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Be filled. Not with their own righteousness-for human performances can never satisfy the capacious desires of an immortal soul, which are kindled by the Spirit of judgment, and by the Spirit of burning—for he cannot stand before a divine law, without a divine righteousness. “ Man's iniqui“ ties are infinite,(Job, xxii. 5.) « commit“ ted against an infinite Being,”. (Psalm cxlvii. 5.) and he that redeems and justifies, must be an infinite person. The Saviour's obedience to the Law, and not the finner's own, is that in which he must be found, if ever he appears righteous. The dignity of the person that obeyed in the finner's room, makes his obedience of infinite value. “ He “ thought it no robbery to be equal with God, yet “ took on him the form of a servant, and became « obedient;” and by the obedience of this Holy One shall many be made righteous: with this righteousness God is well pleased; this he accepted on our account; the Gospel as the righteousness of God; God brings it near, and imputes it; Faith puts it on; and the Spirit lets us know it is done, and bears his witness to the glorious work. We are justified in the name of the Lord Jesus, and by the Spirit of our God. This righteousness, and only this, can fill the soul, as the text says. When this change of raiment is put on, Satan skulks off, filled with the furious rebukes of God, like a betrayed, malicious villain, as he is; Moses, with

his accusations, vanishes, and is lost in the glorious vision, and we know not what is become of him and being so taken up with the King in bis beauty, we neither ask, nor wish to know where he died, nor where he was buried ; Jesus is all in all, and at such times he leaves no room for another. This righteousness enables the finner to lift up his head to God, and to look Conscience out of countenance; yea, to look to the day of judgment with celestial triumph, mercy rejoicing against judgment. The fiery Law appears quenched in a Saviour's blood, and the everlasting Gospel fhines like a million funs. « Surely the light of the moon * shall be as the light of the sun, and the light of " the sun shall be sevenfold, as the light of feven e days, in the day that the Lord bindeth up tbs « breach of bis people, and bealetb the stroke of their

wound.” Ifai. XXX. 26. What poor, patchedsp, pitiful linsey-woolsey garments of righteousness, do those preachers bring forth, who are strangers to the King's wardrobes a bed tog * foort for a weary soul to rest on, and a a covering too narrow for a fous convinced of it's ~ nakedness to wrap itself in." Isai. xxvii, 20 Souls once enrobed with the royal raiment of needle-work, will never fetch their apparel from Rag.fair; for the nakedness and beggary of fuch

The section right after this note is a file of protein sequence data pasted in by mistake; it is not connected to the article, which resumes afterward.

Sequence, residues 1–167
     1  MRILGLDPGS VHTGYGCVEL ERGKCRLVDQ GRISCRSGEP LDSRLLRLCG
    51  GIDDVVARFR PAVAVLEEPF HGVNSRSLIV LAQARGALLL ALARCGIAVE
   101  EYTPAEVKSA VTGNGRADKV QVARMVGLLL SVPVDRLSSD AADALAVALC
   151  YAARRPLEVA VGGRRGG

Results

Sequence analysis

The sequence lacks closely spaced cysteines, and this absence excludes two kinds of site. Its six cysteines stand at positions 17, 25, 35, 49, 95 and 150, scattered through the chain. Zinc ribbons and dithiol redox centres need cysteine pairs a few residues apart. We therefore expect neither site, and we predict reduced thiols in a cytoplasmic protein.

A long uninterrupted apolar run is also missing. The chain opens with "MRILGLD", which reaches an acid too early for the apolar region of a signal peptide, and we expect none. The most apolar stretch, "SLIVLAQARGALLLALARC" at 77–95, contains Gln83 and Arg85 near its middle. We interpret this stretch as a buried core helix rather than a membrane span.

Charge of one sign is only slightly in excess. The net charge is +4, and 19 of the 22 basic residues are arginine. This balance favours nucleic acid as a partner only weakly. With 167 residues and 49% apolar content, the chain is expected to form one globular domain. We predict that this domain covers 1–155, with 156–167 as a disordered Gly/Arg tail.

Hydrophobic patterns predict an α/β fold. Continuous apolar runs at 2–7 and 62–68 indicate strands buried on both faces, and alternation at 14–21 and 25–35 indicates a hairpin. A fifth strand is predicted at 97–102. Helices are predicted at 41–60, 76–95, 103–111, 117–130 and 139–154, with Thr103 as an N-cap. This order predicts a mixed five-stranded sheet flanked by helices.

hers appear conspicuous enough (to souls thus enlightened) in all they say, in all they do, in all they preach, and in all they write ; none covet their state, or envy their happiness, but fools and blind.

Blessed are the merciful, for they fall obtain morcy. Not the mercy of carnal men is meant, for ibe tender mercies of the wicked are cruel; and though sinners love finners, and give to finners, yet they have not the reward of eternal inheritance for that; it is not done to the least of Christ's brethren, and so it is not done to him. Natural men, by their liberal acts, may procure a sort of ceremonial consecration on what they have; as the saviour faid to the Pharisees, «Give alms of such “ things as ye have, and behold all things are « clean unto you.” But “ though this righteous“ ness may profit the sons of men, what does such “ a person give to God?” Job, xxxv. 7, 8. These things can neither merit, nor procure the furs *** mercies of David--they come without any procuring cause in man; besides, whatsoever is not of faith, is fin; and without faith it is impossible to please God, much less merit at his hands. More over, these blessings are pronounced on the disciples of Christ, who believed in him, and followed him, and who themselves bad obtained mercy so to do. Merciful men, in the language of Scripture, are righteous persons and heirs of Heaven. “The righte« ous perish, and merciful men are taken away, none * considering that the righteous is taken from the B 2.